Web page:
Nacerdes melanura (Linnaeus, 1758)

Wharf Borer

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POLYPHAGA Emery, 1886

TENEBRIONOIDEA Latreille, 1802

OEDEMERIDAE Latreille, 1810

OEDEMERINAE Latreille, 1810

NACERDINI Mulsant, 1858

Nacerdes Dejean, 1834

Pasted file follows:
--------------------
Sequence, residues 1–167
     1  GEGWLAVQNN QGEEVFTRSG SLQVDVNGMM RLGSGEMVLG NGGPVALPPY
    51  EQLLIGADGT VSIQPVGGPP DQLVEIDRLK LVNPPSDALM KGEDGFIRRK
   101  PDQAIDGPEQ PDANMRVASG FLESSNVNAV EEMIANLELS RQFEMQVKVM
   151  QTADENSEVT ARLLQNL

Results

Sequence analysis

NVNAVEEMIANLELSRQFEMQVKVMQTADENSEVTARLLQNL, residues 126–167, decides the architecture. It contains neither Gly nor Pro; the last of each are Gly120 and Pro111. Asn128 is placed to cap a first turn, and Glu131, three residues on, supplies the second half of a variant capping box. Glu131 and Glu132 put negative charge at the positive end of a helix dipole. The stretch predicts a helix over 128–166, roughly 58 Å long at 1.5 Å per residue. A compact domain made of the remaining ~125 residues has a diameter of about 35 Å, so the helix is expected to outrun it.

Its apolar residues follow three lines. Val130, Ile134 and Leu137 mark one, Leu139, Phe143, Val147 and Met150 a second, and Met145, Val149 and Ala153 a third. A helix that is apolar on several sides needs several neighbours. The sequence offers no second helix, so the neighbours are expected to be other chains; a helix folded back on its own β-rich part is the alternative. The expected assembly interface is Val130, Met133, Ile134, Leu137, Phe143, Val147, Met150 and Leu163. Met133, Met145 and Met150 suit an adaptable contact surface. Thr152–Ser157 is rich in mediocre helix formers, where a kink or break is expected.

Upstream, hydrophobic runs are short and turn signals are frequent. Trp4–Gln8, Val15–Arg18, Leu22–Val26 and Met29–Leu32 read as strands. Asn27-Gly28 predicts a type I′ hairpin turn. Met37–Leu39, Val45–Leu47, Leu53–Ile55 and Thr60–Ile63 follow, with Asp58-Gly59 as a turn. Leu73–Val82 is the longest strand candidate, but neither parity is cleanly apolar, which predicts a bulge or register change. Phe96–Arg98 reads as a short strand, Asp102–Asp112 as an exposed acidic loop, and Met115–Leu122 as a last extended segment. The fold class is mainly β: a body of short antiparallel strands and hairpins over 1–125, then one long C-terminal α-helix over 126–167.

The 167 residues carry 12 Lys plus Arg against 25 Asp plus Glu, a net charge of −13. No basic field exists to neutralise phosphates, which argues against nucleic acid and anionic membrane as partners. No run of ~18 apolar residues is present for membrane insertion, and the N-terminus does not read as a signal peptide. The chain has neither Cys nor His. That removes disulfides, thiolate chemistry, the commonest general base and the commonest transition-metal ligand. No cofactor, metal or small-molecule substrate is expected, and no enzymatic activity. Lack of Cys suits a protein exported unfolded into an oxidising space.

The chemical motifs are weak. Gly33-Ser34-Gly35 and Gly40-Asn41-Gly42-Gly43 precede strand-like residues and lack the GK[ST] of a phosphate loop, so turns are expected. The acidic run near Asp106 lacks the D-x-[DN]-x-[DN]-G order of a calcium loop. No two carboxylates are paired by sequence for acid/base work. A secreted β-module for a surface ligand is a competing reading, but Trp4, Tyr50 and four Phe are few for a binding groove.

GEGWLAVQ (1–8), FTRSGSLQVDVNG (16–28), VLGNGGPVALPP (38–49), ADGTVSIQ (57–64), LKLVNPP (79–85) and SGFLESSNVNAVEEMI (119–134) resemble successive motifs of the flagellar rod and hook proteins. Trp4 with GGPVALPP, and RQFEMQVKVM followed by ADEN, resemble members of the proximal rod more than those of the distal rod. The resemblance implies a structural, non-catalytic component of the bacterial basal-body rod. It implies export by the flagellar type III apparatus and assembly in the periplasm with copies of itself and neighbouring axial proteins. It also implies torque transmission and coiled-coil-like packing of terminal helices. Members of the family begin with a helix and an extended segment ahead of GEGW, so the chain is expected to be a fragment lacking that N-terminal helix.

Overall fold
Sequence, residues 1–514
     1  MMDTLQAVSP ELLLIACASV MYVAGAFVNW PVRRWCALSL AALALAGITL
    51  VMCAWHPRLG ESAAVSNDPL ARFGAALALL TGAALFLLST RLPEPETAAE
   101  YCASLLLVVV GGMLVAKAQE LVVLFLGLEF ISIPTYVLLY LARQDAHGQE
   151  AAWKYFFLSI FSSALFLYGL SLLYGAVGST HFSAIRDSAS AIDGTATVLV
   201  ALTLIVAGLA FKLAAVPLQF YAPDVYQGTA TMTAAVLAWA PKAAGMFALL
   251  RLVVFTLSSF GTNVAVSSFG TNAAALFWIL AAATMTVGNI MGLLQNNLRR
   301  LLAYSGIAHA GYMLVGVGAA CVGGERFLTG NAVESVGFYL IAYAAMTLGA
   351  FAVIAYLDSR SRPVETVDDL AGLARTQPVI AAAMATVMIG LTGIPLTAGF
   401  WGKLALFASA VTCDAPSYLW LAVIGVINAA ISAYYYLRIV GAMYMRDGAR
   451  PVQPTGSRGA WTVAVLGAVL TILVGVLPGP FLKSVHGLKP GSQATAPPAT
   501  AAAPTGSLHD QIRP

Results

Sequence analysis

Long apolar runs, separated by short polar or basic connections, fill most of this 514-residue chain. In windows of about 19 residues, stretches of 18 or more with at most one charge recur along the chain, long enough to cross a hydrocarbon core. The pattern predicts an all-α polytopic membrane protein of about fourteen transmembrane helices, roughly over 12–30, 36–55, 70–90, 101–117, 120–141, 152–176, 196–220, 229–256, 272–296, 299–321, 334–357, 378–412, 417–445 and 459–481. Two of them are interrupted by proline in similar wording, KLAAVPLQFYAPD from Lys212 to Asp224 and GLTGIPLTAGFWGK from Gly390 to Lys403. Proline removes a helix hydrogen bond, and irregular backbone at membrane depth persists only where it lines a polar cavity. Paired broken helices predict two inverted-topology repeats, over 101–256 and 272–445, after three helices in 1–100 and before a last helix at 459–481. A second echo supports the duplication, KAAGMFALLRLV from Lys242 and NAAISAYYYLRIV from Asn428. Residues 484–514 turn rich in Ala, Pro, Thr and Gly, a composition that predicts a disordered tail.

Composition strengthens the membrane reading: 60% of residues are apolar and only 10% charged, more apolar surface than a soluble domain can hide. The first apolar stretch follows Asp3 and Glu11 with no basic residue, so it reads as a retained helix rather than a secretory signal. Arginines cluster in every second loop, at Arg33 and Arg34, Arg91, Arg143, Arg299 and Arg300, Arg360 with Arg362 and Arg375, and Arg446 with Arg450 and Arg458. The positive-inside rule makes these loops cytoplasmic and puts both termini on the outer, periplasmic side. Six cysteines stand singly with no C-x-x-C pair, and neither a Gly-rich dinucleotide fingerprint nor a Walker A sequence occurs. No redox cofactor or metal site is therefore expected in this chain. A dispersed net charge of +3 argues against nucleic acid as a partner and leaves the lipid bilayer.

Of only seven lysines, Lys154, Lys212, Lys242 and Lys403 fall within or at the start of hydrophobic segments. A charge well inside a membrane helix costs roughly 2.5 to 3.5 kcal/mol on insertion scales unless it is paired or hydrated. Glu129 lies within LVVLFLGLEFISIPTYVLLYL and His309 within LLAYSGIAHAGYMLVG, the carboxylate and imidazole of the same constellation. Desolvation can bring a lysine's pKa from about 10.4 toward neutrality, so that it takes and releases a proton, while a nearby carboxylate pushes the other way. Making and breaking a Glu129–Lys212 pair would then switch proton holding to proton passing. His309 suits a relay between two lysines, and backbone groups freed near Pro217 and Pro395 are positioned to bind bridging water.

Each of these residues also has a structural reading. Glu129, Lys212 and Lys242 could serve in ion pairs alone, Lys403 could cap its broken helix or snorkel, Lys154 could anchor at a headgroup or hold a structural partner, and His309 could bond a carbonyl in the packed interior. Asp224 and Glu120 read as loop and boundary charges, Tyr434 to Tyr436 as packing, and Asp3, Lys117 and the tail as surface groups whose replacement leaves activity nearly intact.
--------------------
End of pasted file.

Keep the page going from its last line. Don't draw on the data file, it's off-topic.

Originally native to the western Palaearctic this species is now more or less cosmopolitan and established in most parts of the world although in tropical regions it tends to be sporadic as the upper limit for its eggs to develop is between 30 and 35oC and a relative humidity of at least 20%. It develops in old damp timber which has been infected with fungi; softwoods seem to be preferred but a wide range of hardwoods including fig and eucalyptus have also been recorded hosting the beetle, it will attack damp structural timber as well as decaying parts of living trees, and it can withstand a very wide range of environmental conditions. The larvae are classed as secondary pests as they only consume infested timber and may greatly accelerate the spread of the fungus. The host material must be permanently damp or wet and fungal infection must have begun before the beetle will choose it, buried wood and structural timbers regularly submerged by the tide are particularly prone to attack as the larvae can withstand prolonged immersion in both salt and fresh water, they have historically been notorious pests of wooden ship hulls and structural maritime timber-hence the common name-and infested timber is often partly buried e.g. pilings or joists in basements, or concealed and inaccessible as in the submerged parts of ships or loch gates etc. The larvae can be long-lived so that damage can be extensive before an infestation is discovered and often the first sign of the beetle is the mass emergence of adults, and so the global spread among timbers of sailing ships was inevitable. In the U.K. it is widespread although local; there are many coastal and estuarine records and formerly it has been common around the canal system in the midlands, there was an increase in abundance following the war when large quantities of timber became buried as a result of bombing and for a while the base of telephone poles were commonly infested, during the 1970’s it became common in damp basements in London and other large cities and it also infests trees and fallen timber near rivers and lakesides etc. In temperate regions  the adults  have a long  season, from  May to September,  but they are